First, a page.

Harare, Zimbabwe - Robert Mugabe has stunned the world once again by announcing his resignation as President of Zimbabwe with immediate effect. The controversial Mugabe was once hailed as a symbol of the new Africa, but a brutal regime and ruined economy have apparently been his downfall.
There have been reports of widespread celebrations in the capital and throughout Zimbabwe as news of Mugabe's resignation reached the people.
In Harare, there was spontaneous dancing in the streets throughout the night with joyous revellers chanting, "Change" and "Yes we can".
"I think it's because he was too black," offered Duncan Whitehead, one of the few white farmers still clutching onto his cassava. "Maybe if Mugabe had had a white mother, things wouldn't have turned out so bad here in Zimbabwe."
Pondering his own words, Whitehead added, "Then again, if my father had been black, I might have a different view in the full-length mirror as well. All I know is that my cassava has grown much larger following Mugabe's resignation."
Mugabe's long-time supporter and disgraced former South African president, Thabo Mbeki, praised Mugabe for his bold resignation move. Mbeki, whose slick talk has placed him at the forefront of peace negotiations in Zimbabwe stated, "Bobby Mugabe bo-bobby. Banana-fana fo-fobby. Fee-fi-mo-mobby. Mugabe!"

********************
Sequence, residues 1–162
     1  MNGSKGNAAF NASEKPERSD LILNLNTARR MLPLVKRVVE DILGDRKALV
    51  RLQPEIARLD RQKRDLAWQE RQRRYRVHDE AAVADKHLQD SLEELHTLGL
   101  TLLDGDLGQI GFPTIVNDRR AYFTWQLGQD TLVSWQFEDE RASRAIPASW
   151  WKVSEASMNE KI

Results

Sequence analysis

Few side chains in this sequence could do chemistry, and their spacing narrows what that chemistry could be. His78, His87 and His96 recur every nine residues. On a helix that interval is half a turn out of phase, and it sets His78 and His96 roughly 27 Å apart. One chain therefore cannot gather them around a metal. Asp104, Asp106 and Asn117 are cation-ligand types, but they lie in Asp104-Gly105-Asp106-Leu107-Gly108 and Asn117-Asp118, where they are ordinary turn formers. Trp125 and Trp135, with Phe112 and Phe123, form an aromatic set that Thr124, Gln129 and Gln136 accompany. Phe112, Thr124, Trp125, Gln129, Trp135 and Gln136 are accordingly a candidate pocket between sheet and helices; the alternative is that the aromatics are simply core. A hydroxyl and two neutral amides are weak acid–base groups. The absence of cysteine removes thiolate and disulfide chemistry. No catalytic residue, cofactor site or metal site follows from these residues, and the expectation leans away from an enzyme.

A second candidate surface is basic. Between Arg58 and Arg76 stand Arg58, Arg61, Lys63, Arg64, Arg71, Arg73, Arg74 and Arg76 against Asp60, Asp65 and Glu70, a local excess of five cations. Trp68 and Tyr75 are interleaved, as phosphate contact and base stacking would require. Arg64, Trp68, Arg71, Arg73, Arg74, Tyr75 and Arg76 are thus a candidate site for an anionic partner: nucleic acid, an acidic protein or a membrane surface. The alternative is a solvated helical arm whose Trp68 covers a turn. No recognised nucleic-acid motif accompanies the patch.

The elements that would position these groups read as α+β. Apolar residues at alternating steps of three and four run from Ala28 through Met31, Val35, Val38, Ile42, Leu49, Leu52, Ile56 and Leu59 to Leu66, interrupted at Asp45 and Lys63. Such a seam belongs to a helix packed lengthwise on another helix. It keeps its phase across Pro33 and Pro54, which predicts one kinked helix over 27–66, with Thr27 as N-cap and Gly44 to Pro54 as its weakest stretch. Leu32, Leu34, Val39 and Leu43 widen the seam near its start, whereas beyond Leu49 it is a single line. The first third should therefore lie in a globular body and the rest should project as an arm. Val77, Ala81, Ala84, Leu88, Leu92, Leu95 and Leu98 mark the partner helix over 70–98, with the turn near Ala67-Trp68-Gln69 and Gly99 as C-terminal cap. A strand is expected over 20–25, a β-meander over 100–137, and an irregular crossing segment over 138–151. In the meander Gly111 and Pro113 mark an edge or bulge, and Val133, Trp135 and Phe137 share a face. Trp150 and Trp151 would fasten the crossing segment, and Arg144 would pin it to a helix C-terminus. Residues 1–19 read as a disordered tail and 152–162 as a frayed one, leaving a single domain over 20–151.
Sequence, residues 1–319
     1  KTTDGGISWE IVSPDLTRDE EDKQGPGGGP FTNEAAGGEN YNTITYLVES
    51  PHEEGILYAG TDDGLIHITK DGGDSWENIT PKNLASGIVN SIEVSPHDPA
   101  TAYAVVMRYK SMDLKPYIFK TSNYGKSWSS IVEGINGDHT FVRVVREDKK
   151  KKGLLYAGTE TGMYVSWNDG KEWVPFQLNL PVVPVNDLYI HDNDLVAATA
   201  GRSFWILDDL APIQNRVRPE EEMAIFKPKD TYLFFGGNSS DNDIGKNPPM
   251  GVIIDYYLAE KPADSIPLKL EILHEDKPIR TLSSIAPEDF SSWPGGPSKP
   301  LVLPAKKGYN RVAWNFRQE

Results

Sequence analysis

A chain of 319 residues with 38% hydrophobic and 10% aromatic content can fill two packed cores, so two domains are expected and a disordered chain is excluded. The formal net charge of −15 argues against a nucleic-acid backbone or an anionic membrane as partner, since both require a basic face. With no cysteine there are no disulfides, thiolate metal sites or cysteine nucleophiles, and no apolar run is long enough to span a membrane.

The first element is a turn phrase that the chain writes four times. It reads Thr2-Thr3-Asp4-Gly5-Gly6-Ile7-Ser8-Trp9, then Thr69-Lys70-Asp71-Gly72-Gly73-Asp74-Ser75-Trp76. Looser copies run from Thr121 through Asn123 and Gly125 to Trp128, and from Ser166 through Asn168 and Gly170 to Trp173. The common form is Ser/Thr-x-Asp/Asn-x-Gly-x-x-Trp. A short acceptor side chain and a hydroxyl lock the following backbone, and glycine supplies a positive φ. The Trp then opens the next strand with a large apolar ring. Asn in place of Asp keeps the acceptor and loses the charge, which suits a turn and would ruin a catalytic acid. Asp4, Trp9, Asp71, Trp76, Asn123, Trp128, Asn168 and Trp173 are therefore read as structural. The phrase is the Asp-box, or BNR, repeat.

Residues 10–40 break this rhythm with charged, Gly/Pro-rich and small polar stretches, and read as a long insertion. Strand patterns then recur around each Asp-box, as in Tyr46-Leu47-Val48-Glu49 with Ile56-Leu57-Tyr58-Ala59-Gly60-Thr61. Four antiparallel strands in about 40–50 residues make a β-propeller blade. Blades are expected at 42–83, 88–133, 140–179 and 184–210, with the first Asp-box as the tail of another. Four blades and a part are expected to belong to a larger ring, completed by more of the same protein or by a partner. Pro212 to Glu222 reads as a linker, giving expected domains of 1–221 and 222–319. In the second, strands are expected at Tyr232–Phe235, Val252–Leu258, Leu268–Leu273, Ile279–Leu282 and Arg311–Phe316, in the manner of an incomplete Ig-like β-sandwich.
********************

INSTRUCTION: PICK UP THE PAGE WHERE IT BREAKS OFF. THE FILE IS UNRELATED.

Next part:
Lest we forget, Robert Mugabe has confounded his critics many times since assuming power in 1980. All indications suggest that he is about to do so again now that he is in London.
Eager to re-embrace Zimbabwe after Mugabe's resignation, UK Prime Minister Gordon Brown hurriedly re-admitted the country back into the Commonwealth. The crafty Mugabe quickly took advantage of his new status as a Commonwealth citizen and boarded a private jet for London with his family and political entourage.
Interviewed at his posh penthouse suite overlooking Speakers Corner in Hyde Park, Mugabe appeared relaxed and full of energy.
"With Obama being elected in America, everything's changing, everything's possible for black politicians," asserted Mugabe.
"Then we've got UK Equality Chief, Trevor Philips, saying there is too much institutional racism in Britain to ever allow a black PM here. And then the next day, the Attorney General, a black woman, says Obama opens the way for a black prime minister," said Mugabe with a twinkle in his eye.
"Add in the world economic crisis and armed conflicts and my experience with far worse than all that in Zimbabwe, and now being readmitted to the Commonwealth, and the white man has created the 'perfect storm' for me to be elected UK prime minister."
"You might be laughing at me now," chided Mugabe, shaking his finger in the air. "But they laughed at Obama two years ago as well. I don't like being laughed at."
Mugabe added, "And don't forget your history. The last King of Scotland was black."